John: But here is the problem – London still exports this image of itself – the Queen, Big Ben, London guards. The UK isn’t a democracy. We still have hereditary peers in the house of lords. 1/6th of hereditary peers are required to be male. That shit still exists here! NY has the advantage of being relatively new so it is a little easier to shape in one’s own image.

But London is still controlled by a small elite, who are often aristocracy, often went to the same private schools, the same universities. They are the people who don’t just control the country, but also the very idea of what it means to be from that country. Most of Europe is the same. It is an old, stubborn class-based continent.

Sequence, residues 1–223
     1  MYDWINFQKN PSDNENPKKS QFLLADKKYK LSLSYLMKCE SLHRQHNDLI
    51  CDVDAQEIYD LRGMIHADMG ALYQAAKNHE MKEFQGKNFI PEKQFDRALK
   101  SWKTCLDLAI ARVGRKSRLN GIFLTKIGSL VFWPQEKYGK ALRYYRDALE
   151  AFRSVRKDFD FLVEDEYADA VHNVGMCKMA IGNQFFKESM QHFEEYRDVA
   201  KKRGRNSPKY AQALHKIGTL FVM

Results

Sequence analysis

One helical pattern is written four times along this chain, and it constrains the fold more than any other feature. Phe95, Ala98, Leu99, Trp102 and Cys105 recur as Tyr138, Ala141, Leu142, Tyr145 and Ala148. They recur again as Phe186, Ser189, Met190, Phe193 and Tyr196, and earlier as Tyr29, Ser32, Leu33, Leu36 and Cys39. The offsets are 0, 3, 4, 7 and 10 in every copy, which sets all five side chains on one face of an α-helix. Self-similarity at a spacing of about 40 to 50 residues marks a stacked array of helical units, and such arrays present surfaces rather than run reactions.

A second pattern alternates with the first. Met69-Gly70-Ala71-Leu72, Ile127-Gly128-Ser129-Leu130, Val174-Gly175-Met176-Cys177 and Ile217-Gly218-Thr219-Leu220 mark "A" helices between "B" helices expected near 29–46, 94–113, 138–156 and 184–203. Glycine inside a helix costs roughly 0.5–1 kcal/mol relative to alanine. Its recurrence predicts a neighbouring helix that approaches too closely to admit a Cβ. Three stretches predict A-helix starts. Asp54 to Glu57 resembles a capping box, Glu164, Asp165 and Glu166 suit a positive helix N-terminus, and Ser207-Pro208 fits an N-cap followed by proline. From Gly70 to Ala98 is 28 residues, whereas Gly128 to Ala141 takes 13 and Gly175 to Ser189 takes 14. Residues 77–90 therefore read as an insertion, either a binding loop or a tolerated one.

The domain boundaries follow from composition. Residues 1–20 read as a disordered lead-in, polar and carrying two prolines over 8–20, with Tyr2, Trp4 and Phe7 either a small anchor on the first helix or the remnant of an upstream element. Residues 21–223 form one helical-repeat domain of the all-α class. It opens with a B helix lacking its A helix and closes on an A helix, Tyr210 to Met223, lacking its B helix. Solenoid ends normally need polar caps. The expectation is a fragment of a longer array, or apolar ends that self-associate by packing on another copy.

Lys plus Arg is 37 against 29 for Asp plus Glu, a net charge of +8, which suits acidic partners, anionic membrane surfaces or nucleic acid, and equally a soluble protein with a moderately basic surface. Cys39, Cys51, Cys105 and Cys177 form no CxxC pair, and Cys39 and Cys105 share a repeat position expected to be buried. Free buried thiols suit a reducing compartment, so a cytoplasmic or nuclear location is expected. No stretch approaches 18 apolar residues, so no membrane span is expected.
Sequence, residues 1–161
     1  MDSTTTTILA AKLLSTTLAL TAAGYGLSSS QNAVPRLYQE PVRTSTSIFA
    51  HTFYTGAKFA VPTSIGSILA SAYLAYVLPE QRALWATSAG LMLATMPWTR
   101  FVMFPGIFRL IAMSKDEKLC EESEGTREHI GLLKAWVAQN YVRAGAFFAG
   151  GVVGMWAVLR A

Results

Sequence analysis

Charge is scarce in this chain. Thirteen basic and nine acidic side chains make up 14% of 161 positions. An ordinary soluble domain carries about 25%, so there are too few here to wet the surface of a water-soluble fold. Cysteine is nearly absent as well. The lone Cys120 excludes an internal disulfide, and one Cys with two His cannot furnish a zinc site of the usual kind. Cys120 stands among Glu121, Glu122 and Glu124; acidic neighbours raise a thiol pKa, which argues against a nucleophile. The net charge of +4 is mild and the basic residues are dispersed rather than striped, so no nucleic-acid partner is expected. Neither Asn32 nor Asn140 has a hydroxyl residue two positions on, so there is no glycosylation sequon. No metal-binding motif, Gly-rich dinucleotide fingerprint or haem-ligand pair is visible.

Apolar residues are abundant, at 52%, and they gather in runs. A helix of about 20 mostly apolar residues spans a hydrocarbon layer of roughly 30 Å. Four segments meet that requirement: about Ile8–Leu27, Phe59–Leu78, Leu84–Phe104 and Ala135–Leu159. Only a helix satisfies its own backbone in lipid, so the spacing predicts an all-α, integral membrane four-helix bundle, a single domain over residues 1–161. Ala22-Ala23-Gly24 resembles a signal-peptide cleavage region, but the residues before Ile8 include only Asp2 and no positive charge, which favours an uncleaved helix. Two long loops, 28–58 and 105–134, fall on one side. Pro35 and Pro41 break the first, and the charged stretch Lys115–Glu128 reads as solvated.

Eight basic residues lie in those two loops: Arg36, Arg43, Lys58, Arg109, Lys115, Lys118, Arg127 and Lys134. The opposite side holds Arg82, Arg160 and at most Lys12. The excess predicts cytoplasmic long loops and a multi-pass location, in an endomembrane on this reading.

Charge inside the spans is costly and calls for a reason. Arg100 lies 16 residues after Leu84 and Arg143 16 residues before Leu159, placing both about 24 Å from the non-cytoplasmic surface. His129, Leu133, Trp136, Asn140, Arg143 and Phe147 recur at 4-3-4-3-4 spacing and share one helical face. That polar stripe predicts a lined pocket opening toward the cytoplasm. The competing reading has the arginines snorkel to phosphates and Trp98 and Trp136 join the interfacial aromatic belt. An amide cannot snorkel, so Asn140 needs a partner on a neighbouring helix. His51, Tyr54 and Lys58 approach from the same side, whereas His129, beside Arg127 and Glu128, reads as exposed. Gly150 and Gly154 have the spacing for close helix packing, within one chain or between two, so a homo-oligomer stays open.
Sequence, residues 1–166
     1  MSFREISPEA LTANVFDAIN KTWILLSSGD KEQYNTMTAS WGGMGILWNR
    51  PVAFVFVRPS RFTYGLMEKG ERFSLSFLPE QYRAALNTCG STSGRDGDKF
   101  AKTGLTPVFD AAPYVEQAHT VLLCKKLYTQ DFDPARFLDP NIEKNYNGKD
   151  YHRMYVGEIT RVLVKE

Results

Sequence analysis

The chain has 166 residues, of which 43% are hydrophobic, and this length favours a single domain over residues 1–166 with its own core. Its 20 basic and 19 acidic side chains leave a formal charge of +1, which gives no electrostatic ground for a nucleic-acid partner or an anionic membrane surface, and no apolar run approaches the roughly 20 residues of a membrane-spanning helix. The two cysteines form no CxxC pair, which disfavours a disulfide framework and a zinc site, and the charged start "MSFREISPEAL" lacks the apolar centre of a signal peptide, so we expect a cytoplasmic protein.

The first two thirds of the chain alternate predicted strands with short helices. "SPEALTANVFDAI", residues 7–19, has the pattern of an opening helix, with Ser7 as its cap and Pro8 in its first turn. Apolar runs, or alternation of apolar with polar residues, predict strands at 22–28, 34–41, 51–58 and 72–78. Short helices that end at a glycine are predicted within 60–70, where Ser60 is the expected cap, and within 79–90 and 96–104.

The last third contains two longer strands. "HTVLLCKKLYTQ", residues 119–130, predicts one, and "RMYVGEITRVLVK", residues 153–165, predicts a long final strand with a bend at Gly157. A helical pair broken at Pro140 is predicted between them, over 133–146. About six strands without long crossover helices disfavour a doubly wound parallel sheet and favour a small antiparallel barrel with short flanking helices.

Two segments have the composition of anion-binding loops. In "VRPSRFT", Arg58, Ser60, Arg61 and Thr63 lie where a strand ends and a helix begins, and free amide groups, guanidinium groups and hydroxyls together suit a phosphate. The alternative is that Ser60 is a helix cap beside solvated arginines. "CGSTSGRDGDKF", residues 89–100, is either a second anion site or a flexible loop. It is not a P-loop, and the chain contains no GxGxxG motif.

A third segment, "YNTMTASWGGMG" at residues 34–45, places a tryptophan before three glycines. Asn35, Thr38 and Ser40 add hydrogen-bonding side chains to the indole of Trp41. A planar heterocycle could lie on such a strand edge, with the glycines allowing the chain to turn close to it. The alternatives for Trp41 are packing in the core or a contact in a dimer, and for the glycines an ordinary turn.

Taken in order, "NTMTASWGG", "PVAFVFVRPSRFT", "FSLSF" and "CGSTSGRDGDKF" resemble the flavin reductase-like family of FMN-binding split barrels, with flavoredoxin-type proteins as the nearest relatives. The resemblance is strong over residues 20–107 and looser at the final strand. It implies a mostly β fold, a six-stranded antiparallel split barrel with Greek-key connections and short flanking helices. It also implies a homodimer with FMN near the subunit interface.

Europe has been written about so much, but travelling through the continent and looking with new eyes really shed light on new landscapes…new stories. We think the world is small, but it is only small if you look at it with one pair of eyes. I would love to read the story of a Guarani travelling to Norway, or an Eskimo journeying to Brazil. If you feel that you are living on the margins of society, it’s your duty to help edge your story onto the pages of the narrative, and turn what society calls niche, into something everyone can understand. Travel and tell your story, whatever your background. Oh, and checkout! :)

Bani: Word!

If you enjoyed this #Dispatch, please consider donating via the PayPal button on the right-hand column of this page.